August Advocate: USDA COVID-19 School Nutrition Waivers

(THE ADVOCATE) Permanent link

August Advocate: USDA COVID-19 School Nutrition Waivers

Each month, the AASA policy and advocacy team writes an article that is shared with our state association executive directors, which they can run in their state newsletters as a way to build a direct link between AASA and our affiliates as well as AASA advocacy and our superintendents. The article is called The Advocate, and here is the August 2020 edition.

As we’ve previously highlighted on the Leading Edge Blog, school leaders, nutrition directors, and advocates are beginning to sound the alarm on impending threats to districts’ ability to operate the federal school meals programs this fall. The current concerns are with the decision, by U.S. Secretary of Agriculture’s, Sonny Perdue not to extend or establish any new Family First Coronavirus Act (FFCRA) waivers/flexibilities for the 2020-21 school year (SY).  

Background: The passage of the FFCRA enabled the U.S. Dept. of Agriculture (USDA) to pass flexibilities and waivers associated with the federal school meals programs. Most notably for school districts, this work resulted in USDA’s (1) Unexpected School Closures, (2) Nationwide Meal Times, (3) Non-congregate Feeding, (4) Meal Pattern, (5) Parent/Guardian Meal Pick-Up, (6) Afterschool Activity, (7) Area Eligibility, (8) Fresh Fruit and Vegetable Program (FFVP) Parent Pick Up, (9) FFVP Alternate Sites, (10) Community Eligibility Provision (CEP) Data, and (11) 60-Day Reporting waivers. Additionally, the passage of the Family First Coronavirus Response Act granted USDA the authority to create the Pandemic EBT program. A comprehensive chart of all of USDA‘s COVID-19 waivers is available here. Please note this figure includes a description and expiration date for each of the department’s previously mentioned waiver or program.

Although Sec. Perdue has elected to extend the non-congregate, meal service time, meal pattern flexibility, and parent pick-up waivers until August 31, 2021, at this stage in the game, it is clear that more extensions and flexibilities will be necessary for school districts to sustain their nutritional services next year. Specifically, this is the case because many students will not be in the building five days a week or have access to school breakfast and lunch each day, and districts are still in the process of establishing what “school” will look like next year. Therefore, to preserve the feasibility of school districts operating the federal meals programs, AASA is requesting the following policy changes from USDA.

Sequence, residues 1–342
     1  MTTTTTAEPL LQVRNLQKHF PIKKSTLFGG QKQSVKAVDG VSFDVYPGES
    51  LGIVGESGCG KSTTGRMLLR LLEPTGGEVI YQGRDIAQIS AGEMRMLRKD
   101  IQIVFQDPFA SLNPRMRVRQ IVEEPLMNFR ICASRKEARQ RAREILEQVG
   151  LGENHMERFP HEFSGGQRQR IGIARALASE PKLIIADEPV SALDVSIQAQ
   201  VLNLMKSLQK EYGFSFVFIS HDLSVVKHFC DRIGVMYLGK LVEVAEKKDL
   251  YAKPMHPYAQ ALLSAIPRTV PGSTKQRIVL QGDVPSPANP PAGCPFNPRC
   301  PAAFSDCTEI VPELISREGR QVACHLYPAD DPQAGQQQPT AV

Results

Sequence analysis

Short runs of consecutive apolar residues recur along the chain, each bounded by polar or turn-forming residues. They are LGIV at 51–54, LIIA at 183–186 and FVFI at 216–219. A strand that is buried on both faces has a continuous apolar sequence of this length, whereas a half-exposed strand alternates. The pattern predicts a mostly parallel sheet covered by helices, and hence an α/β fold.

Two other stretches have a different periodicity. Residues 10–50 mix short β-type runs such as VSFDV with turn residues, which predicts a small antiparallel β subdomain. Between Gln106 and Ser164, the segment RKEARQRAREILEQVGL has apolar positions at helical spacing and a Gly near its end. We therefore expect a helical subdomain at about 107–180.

1. Allow the Summer Food Service Program (SFSP) and Seamless Summer Option (SSO) to be used to feed children during the upcoming school year, so that students may receive meals in the event of unexpected closures. 
  2. Expand the non-congregate waiver to include the Summer Food Service Program (SFSP) and the Seamless Summer Option (SSO), so that schools that choose remote learning may still serve students through the federal school meals programs.  
  3. Extend the Area Eligibility waiver for SFSP and SSO through the school year to enable districts to operate food services in communities that did not meet the 50% free and reduced-price lunch area eligibility threshold. 
  4. Waive the activity requirement for the Afterschool Meal and Snack Programs so districts can serve additional meals through the Child Adult Care Food Program (CACFP) and NSLP.
  5. Enable districts providing meals through the SFSP or SSO to utilize the Afterschool Meal and Snack Programs.
  6. Extend the FFVP flexibilities and waivers through the school year, so districts can use innovative methods to serve fresh produce (e.g., multi-day servings and fresh-produce packs) and rollover unspent FY 19-20 dollars to the 2020-21 SY.

Considering the amount of time left on the calendar before federal legislators return home for the August recess, it is likely that the nutrition-related aid in COVID-5 will not be allocated in time for the start of the school year. As such, it is imperative that USDA grant the previously mentioned policy changes for the upcoming school year. We are facing an uphill battle on this issue because U.S. Sec. Perdue has insisted that he will not pass any additional flexibilities associated with the federal meals programs – in an apparent attempt to align with the Trump administration’s push to re-open schools. Although there are legislative school nutrition champions in the House - like Nydia M. Velazquez (D-NY-7) who recently introduced legislation to extend the FFCRA waivers - it is anyone’s best guess to whether these provisions will be included in the final COVID-5 bill or when/if the next package will be signed into law. Accordingly, we urge you to stay tuned to see how it plays out and learn how to get involved. Regardless, AASA will continue advocating for these critical waivers and flexibilities.